Bike checks see Tinkoff-Saxo lose time at Tour of Austria team time trial

Half of Tinkoff-Saxo's eight riders at the Tour of Austria reportedly set off 15 seconds late as the UCI checked all the bikes for motors

Robert Kiserlovski is leading Tinkoff-Saxo at the Tour of Austria (Watson)
(Image credit: Watson)

Tinkoff-Saxo came 20th and last in the opening team time trial at the Tour of Austria, after pre-stage bike checks left half their team setting off 15 seconds late.

With the teams starting two minutes apart on the 5.4km course, UCI officials reportedly did not have enough time to complete the checks on all of the bikes before Tinkoff's start time.

Sports director Nicki Sorensen noted that the team's general classification rider, Robert Kiserlovski, was one of those riders held up at the start, which leaves him 27 seconds down on Katusha's Rudi Selig.

"We’ve complained to the organizers, as all our riders were on site and present as required," Sorensen said in a press release. "It’s a costly mistake and it’s a shame, as we are here to compete for a top spot in the general classification."

He added: "Teams started two minutes apart, while it’s usually customary to have at least three minutes between teams on a time-trial.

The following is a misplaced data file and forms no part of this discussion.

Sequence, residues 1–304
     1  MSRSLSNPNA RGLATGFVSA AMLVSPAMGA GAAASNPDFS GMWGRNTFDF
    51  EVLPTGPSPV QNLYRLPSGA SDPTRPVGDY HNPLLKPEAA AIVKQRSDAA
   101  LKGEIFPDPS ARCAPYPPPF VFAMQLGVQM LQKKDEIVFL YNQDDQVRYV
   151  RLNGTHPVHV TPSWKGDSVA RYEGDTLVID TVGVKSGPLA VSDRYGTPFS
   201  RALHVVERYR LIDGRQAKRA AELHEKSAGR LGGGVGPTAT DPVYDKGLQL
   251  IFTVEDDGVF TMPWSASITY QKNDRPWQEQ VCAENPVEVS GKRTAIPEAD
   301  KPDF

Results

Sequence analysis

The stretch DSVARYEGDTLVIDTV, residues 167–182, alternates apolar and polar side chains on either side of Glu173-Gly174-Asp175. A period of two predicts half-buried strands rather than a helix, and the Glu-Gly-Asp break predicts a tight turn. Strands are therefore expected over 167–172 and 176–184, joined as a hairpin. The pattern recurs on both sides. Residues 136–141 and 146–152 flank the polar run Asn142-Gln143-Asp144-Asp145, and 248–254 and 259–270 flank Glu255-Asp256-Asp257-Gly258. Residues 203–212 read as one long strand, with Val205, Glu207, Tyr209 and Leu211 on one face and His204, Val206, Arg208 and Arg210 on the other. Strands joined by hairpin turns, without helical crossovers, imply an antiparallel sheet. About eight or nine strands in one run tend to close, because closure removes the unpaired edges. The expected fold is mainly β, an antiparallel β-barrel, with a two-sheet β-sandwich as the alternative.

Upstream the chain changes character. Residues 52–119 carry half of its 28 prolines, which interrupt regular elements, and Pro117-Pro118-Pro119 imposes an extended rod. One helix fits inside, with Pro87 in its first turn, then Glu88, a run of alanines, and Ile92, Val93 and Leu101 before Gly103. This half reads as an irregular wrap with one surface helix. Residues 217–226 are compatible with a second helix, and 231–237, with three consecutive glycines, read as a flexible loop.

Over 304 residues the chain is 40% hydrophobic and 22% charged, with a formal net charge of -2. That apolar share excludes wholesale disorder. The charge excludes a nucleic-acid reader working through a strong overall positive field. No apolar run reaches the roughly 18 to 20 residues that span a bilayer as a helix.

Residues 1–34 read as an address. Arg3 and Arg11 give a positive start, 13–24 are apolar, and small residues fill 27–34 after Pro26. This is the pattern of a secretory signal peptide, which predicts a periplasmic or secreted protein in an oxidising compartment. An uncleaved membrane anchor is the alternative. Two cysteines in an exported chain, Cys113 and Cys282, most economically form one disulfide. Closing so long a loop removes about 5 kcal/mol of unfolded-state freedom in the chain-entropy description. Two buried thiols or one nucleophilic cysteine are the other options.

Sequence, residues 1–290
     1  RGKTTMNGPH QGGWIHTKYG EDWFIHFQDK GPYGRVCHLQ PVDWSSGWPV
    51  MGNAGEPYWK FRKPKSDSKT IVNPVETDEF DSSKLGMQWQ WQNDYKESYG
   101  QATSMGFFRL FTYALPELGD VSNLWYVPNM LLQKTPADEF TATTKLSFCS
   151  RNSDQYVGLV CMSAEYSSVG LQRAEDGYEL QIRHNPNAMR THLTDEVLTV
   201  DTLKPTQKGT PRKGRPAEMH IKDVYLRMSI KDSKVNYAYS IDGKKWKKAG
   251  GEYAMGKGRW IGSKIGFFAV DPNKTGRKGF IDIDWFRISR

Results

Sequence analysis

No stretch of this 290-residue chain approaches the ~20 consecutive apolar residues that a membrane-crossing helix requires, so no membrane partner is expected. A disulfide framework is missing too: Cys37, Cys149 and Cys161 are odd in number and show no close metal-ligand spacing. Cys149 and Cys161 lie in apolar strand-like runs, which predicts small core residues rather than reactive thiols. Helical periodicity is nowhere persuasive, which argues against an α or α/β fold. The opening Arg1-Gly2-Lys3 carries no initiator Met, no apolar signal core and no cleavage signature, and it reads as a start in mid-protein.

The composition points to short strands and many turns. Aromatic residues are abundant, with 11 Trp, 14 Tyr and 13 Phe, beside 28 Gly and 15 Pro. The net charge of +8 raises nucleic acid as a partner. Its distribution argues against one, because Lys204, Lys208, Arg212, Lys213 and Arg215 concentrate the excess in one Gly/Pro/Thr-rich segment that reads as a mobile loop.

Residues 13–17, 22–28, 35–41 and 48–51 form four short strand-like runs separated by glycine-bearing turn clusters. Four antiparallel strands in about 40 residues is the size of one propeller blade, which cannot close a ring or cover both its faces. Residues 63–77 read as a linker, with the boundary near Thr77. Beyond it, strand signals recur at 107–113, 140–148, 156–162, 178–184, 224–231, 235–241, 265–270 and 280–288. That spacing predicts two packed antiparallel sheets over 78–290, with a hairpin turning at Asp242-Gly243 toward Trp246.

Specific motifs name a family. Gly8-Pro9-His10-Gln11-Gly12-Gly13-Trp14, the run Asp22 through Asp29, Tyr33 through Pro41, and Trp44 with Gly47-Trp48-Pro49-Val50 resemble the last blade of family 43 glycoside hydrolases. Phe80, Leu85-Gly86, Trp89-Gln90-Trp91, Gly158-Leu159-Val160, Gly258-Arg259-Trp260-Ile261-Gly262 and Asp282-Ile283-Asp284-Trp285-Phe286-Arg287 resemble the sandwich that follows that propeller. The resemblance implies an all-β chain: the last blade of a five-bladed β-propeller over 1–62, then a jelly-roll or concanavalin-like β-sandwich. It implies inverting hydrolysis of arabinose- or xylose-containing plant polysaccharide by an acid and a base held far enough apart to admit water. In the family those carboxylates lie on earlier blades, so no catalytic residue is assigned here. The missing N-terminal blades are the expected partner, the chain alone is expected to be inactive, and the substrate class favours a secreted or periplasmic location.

"One rider from BMC was delayed, so as a result, the controls of our bikes started less than two minutes before the scheduled start. In essence, only [Jesper] Hansen, Chris Anker [Sorensen], [Pawel] Poljanski and [Oliver] Zaugg had their bikes controlled, when the gun fired, while our four other guys, including our GC-captain Kiserlovski, were held up."

Katusha set the best time over the short course, coming home in 5m45, followed a second later by MTN-Qhubeka, with BMC finishing third.

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Stuart Clarke is a News Associates trained journalist who has worked for the likes of the British Olympic Associate, British Rowing and the England and Wales Cricket Board, and of course Cycling Weekly. His work at Cycling Weekly has focused upon professional racing, following the World Tour races and its characters.